As the Moon slowly makes its way out of the umbra and into the penumbra again, at first you will see a sliver on the edge of the Moon brighten noticeably. Then the Moon will get brighter as it is increasingly lit partially by the direct light of the penumbra, and the red colour disappears.

Gradually, the shadow will grow ever smaller and eventually disappear, and our Moon will return to normal.


Here comes the bad news. Unlike last July’s event, when the Moon rose in totality, if you want to enjoy this amazing spectacle, you’ll need to get up in the middle of the night!

Totality starts at around a quarter to five in the morning, and lasts for about an hour. Prior to that, you’ll get to see the bite taken out of the Moon, starting at the top right - and after it, the Earth’s shadow will slowly retreat to the top left of the Moon.

Time Event Altitude
0236 Pembumral eclipse begins 46 degrees
0333 Partial eclipse begins - bite appears out of top right corner of Moon 38 degrees
0441 Total eclipse begins - Moon turns blood red 29 degrees
0512 Maximum eclipse 24 degrees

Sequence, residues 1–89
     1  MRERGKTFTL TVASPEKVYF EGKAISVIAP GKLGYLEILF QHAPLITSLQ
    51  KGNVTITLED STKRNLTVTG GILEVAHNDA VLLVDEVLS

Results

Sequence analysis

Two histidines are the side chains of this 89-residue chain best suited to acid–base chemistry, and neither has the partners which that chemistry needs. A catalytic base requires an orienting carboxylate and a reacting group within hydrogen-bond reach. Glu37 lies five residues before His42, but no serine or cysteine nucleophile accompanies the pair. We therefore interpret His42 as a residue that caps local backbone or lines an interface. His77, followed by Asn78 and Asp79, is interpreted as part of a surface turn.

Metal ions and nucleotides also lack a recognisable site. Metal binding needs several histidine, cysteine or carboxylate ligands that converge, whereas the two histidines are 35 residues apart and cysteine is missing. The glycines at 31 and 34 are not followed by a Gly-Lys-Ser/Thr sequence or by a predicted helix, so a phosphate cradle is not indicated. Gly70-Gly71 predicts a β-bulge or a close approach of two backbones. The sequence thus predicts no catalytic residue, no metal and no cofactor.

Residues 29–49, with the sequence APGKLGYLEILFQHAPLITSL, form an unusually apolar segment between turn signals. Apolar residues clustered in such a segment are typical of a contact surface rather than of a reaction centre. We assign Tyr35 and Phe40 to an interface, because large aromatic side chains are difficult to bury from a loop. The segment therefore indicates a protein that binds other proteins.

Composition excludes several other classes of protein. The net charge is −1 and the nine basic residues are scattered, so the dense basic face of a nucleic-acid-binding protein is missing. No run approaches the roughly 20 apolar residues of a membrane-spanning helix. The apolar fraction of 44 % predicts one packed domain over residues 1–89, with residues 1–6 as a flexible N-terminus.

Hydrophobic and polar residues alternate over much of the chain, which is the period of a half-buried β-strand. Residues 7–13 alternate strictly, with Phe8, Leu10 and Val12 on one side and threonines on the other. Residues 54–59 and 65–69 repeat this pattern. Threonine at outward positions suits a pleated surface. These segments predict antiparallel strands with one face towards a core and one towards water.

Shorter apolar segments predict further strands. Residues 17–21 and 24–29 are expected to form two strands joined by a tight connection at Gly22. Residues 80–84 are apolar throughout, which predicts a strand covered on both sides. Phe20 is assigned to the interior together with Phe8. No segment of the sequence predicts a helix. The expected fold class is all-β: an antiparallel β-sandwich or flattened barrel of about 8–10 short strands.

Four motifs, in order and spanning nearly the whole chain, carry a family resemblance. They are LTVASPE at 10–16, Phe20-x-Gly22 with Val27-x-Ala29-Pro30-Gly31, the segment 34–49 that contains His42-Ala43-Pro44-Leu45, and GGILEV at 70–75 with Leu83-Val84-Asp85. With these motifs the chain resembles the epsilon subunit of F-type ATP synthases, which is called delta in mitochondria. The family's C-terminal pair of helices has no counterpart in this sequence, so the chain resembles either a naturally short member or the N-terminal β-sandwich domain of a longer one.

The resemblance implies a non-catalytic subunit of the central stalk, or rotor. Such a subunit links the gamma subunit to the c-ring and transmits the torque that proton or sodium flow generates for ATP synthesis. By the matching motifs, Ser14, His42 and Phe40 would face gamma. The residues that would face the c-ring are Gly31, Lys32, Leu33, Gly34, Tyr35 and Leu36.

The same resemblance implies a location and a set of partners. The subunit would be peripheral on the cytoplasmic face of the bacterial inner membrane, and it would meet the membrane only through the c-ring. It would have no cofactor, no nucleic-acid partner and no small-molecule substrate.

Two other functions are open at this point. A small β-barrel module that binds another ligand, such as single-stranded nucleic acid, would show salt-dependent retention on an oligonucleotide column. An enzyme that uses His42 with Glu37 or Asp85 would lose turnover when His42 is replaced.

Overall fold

0543 Total eclipse ends - Earth's shadow retreats to the top left of Moon 19 degrees
0650 Partial eclipse ends 9 degrees
0748 Penumbral eclipse ends 2 degrees

Note: times are for London GMT


  • Get the longest zoom lens you can, preferably at least 200 mm zoom.

  • Sturdy tripod

During partial eclipse

During this stage, the Moon is still quite bright. So, short exposures, the kind of which you would use during the day, and lower ISO settings should work fine.

During Totality

At this stage, the Moon has moved into the Earth’s shadow. It will get much darker (how dark depends; each lunar eclipse is different) and here’s where the photography gets trickier:

  • You will need to open up your aperture to its widest setting

  • You will need to increase the shutter speed. But here’s your challenge - you’ll be using a longer focal length for more detail. But the longer the focal length, the shorter the shutter speed you can select before the motion of the Moon will cause it to blur.

  • So, to get your exposure right, you’ll need to increase your ISO. Experiment with this, checking your histogram after each shot, and get the combination of settings right to expose for this darker Moon.


At the time of writing, it’s looking teasingly good…

  • A ridge of high pressure is due to build over Northern Ireland overnight on Sunday - this normally brings pretty clear skies, although being just after a cold front means there might be some broken cloud. But, all things considered, this is a pretty good context.

  • BUT… waiting in the wings to the west is the next depression, just waiting to approach. As depressions approach, normally they bring wispy cirrus cloud first. We’d still be able to see through this. But, as they get closer, the cloud thickens and forms more continuous cover.

The big question is: will the eclipse happen before the cloud arrives.

There’s only one way to find out - see you out there?!